By Paul R. La Monica, CNN

Economists are betting that the labor market cooled in December. That may be music to investors’ ears.

Wall Street will get the last jobs figures for 2022 on Friday morning. The US government is expected to report that 200,000 jobs were added in December, according to forecasts of economists surveyed by Reuters. That would be a slowdown from the 263,000 jobs added in November.

Traders are betting on a further deceleration in jobs growth because that could lead to a reduction in the size of interest rate hikes by the Federal Reserve.

The Fed spooked markets last year by aggressively raising rates to fight inflation. US stocks suffered their worst annual losses since 2008.

But after four straight increases of three-quarters of a percentage point between June and November, the central bank boosted rates by “only” a half-point in December. The Fed’s key short-term interest rate is now in a range of 4.25% to 4.5%.

Fed chair Jerome Powell hinted that a further slowdown in Fed tightening could be in the cards. Hopes that inflation pressures are easing helped stocks recover a bit in the fourth quarter.

Economic preview events likely to talk jobs market – in Triangle it’s cooling

What’s happening

Investors are now pricing in about a 70% chance of just a quarter-point rate increase at the Fed’s next meeting on February 1, according to Fed funds futures on the Chicago Mercantile Exchange.

Still, traders have been glued to economic reports even more than usual as of late, and stocks have been incredibly choppy based on what the latest figures indicate about inflation.

Wednesday’s weaker than expected report on the health of the manufacturing sector, coupled with more signs of strength in the jobs market given the solid report about labor turnover, led to more market volatility.

The investor takeaway? Rate hikes are slowing the economy but we can expect inflation pressures to persist if the job market remains robust.

That’s why investors will also be poring over the weekly jobless claims numbers that come out Thursday morning as well as a report from payroll processing company ADP about the private sector job market. Further strength could set off more alarm bells about inflation and Fed rate hikes.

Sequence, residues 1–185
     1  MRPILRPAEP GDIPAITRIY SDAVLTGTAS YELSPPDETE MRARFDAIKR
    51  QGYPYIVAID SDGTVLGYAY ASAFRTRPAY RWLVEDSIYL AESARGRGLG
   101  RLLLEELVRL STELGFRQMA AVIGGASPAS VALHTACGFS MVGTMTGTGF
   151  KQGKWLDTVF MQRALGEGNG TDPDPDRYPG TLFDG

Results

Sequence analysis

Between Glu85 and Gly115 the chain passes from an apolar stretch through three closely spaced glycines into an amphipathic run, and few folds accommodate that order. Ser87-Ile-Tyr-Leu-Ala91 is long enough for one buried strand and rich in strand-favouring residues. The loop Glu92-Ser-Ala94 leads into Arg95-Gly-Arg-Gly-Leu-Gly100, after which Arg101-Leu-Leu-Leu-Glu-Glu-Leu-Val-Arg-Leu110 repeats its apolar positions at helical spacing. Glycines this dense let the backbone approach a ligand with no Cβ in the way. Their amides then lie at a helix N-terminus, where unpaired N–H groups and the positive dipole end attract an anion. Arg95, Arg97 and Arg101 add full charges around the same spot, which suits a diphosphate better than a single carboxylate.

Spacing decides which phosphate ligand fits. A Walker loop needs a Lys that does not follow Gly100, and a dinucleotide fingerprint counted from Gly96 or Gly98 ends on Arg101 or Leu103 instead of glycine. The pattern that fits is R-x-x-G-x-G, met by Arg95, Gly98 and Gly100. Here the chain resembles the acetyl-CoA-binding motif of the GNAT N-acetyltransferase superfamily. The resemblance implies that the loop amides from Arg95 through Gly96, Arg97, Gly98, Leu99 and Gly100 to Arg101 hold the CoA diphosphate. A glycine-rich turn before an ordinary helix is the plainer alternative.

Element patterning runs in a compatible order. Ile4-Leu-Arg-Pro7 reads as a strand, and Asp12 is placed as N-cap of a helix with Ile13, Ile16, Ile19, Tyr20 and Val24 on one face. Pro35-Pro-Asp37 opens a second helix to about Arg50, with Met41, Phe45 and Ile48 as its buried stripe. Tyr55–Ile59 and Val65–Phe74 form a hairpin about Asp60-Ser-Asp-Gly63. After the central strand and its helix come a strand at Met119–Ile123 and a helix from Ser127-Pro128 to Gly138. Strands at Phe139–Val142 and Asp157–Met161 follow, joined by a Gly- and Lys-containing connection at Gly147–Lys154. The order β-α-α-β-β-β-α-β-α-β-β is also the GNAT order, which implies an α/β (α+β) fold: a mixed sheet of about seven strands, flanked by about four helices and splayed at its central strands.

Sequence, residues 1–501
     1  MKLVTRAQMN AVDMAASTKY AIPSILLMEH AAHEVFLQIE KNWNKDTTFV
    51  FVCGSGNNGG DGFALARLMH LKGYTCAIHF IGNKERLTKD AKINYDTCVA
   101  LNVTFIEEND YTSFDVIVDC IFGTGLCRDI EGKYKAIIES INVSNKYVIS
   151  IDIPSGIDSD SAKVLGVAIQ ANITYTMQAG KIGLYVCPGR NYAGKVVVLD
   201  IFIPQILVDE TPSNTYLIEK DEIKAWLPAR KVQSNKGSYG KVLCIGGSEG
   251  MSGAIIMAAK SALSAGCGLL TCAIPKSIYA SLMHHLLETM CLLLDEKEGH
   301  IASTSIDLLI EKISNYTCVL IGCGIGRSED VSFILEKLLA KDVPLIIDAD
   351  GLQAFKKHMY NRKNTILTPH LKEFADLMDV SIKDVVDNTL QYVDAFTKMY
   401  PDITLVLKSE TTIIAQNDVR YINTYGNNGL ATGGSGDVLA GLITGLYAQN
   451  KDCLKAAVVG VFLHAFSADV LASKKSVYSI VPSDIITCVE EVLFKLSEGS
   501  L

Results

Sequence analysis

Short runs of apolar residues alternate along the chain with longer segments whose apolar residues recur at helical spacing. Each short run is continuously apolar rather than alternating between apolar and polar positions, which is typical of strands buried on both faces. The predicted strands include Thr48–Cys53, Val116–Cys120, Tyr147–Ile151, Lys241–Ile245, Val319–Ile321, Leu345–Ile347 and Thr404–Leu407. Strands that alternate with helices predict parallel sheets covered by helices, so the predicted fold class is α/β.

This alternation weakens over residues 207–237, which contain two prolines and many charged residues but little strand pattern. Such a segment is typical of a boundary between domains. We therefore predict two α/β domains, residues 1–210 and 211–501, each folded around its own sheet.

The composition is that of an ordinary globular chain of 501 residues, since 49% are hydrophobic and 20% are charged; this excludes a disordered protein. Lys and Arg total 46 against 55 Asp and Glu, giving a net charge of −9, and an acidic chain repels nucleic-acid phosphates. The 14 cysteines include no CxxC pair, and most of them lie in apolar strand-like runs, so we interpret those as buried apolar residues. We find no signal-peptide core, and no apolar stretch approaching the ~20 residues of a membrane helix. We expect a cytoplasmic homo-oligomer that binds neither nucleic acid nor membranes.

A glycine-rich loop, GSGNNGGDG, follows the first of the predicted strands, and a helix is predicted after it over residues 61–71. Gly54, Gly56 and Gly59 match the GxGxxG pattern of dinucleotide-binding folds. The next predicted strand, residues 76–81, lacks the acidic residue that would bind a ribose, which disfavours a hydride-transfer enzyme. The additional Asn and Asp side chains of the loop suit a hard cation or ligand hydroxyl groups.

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Focus on worker pay

Wall Street will also need to dive even deeper into Friday’s jobs report to get a better sense of what’s happening in the economy. The unemployment rate is expected to remain at 3.7%, close to a half-century low.

The level of wage growth will also be under scrutiny. An increase in worker compensation historically tends to lead to more inflation. Consumers can afford to pay the higher prices that companies charge for their products and services if they have more disposable income.

Investors cheered the fact that wage growth, measured by average hourly earnings, rose only 4.7% over the previous 12 months in October. But year-over-year wage growth perked back up to 5.1% in November. Economists are predicting that wage increases cooled a bit, to 5% annually, in December.

That may not be enough of a slowdown to please the Fed.

“The persistent mismatch between labor supply and demand continues to put upward pressure on wages,” said Lauren Goodwin, economist and portfolio strategist at New York Life Investments, in a report.

Goodwin added that 5% wage growth is “well above a level commensurate with the Fed reaching its 2% inflation goal.”

A report by strategists at the BlackRock Investment Institute also noted that inflation for services companies (think retail, banking and tech, among others) is likely to remain “sticky due to worker shortages fueling wage growth.”

In other words, the Fed is likely to focus more on worker paychecks in Friday’s jobs report than the number of jobs added. Wall Street may do the same.

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